Trump hasn’t had any stake in the Taj since 2009, but the casino eventually fell into his friend Carl Icahn’s hands in February 2016 after the building went through a fourth bankruptcy. Before the Icahn takeover, a bankruptcy court abruptly terminated staff health and pension benefits. After months of stalled negotiations with their new billionaire boss, 95 percent of the staff who serve the Taj walked out on July 1. Weeks later, Icahn said the union had “blocked any path to profitability,” and announced the planned shut-down. (Trump floated Icahn’s name as a candidate for U.S. Treasury Secretary last June.)
Chuck Baker, a Trump Taj cook since it opened in 1990 and a member of the union negotiation committee, lamented the lack of cooperation from Icahn and co.
“Twenty-six years of service and I’m thrown to the curb,” he said, noting he’s been paying $296 a month for his allergy medication since he’s lost his medical benefits two years ago. “I gave 100 percent of myself every single day at the Taj — in sickness and in health.”
33 percent of those on strike currently have no form of health insurance, according to a union spokesperson. Some, like Baker, have a hard time paying for daily medication. Others have had to put necessary operations on hold. In one instance, the lack of health benefits turned fatal. The picketers lost Esau Ivan Madrid, a dishwasher at Taj for 17 years, after he passed away due to a health condition to which he couldn’t afford treatment. His picture is still taped to a pillar outside the casino.
While most of the striking employees primarily blame Icahn for the impending closure, some wonder why their old boss and friend of Icahn didn’t step in to keep the “eighth wonder of the world” open. “All Trump had to do was pick up the phone. Did you call on our behalf? Not once. Did you come down and see us? Not once. Did you care about us? Not once. Donald Trump doesn’t care,” Baker said.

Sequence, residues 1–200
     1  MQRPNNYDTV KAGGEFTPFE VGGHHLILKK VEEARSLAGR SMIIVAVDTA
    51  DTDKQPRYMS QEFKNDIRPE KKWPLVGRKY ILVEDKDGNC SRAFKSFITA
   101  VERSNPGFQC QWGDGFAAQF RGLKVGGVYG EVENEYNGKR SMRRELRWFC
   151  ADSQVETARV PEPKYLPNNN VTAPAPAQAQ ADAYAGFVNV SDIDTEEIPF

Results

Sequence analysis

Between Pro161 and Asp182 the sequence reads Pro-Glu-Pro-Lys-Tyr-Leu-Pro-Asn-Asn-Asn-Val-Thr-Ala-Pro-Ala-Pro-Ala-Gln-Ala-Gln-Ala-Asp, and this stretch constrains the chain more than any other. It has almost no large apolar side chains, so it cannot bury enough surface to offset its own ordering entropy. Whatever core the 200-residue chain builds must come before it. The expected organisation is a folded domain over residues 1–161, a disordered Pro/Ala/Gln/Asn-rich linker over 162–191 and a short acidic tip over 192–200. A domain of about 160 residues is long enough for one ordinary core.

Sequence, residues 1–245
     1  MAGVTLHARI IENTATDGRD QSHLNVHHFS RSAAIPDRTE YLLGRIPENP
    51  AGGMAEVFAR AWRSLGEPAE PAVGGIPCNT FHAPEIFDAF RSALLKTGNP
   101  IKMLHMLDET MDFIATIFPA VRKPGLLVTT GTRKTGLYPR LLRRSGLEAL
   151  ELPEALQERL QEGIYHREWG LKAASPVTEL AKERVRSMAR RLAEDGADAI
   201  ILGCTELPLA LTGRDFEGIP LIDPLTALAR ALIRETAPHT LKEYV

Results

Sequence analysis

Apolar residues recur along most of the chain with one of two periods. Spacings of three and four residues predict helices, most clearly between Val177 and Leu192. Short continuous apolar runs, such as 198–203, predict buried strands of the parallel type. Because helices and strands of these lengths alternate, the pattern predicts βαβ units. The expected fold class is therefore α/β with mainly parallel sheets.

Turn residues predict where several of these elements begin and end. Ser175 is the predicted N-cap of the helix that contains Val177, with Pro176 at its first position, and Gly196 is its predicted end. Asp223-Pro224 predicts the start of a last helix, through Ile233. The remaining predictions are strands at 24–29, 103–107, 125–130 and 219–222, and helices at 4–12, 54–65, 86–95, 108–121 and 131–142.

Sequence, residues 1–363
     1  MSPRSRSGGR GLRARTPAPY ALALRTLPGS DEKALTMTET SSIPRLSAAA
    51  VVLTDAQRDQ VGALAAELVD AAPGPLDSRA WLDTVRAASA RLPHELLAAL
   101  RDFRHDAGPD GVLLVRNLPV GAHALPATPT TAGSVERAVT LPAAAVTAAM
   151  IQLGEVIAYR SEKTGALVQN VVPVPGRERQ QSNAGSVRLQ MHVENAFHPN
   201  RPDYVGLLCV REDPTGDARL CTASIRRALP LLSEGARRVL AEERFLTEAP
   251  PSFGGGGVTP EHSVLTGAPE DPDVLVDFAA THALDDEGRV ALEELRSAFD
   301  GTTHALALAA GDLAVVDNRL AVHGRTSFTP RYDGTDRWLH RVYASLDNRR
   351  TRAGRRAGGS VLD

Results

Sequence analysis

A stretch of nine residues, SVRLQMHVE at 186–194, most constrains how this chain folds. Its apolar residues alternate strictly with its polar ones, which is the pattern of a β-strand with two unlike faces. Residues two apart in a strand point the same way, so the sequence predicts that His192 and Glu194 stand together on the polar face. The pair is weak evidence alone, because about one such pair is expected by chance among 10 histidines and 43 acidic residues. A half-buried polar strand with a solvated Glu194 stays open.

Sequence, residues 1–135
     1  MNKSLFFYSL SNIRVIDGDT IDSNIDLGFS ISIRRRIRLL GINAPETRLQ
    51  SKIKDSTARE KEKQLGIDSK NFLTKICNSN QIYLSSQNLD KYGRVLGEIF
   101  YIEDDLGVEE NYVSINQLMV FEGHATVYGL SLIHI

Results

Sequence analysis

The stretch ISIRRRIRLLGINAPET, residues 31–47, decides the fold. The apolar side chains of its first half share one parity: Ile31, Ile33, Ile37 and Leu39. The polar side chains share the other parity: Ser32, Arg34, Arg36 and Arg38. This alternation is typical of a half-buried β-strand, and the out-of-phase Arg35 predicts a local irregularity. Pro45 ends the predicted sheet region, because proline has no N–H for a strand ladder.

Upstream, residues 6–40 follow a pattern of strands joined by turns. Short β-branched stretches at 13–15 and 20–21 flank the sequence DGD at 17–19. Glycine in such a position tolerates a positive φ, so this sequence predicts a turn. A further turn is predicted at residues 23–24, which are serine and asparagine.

Triumph the Insult Dog has arrived outside the Taj for the debate to parody the end of the Trump empire. Part of the plan is to create an impromptu watch party so that those on the picket line get a chance to see their former boss at work — albeit a very different kind of work.
“Casinos are what [Trump] does well. Politics are not something he’s fit for,” said a Taj cocktail server who declined to be named. “He was my boss, but I don’t want him as president.”
About a dozen people huddled around a 50-inch TV to watch Sunday’s debate, which came just days after a scandalous hot mic recording rocked his campaign. Except for a couple chuckles, most watched in silence, partially out of respect for anyone who may not share the same political views as themselves.
Others made their thoughts known. “Trump and Icahn took this place from first class to busted ass,” said Greg Natale, a cocktail server.
Joe Trifiletti, another cocktail server, who has worked at the Taj since it opened in April of 1990, saw something positive in such a dark day.
“We couldn’t wait to see his name disappear from the skyline. Now it’s gonna happen.”
With the debate over, it’s approaching midnight on the boardwalk. The loudest noises are the crash of the waves and the calls of seagulls overhead. A black cat prowls the dunes below the boards. Closing time is close at hand.
On the casino floor, things are thinning out. The ring of the remaining slot machines fights to be heard against a soundtrack of The Weeknd and Lady Gaga. Dealers are clearing their tables, packing up hundreds of thousands of chips. Patrons tearfully pose for pictures with their favorite roulette attendant. Soon enough, security guards outnumber gamblers.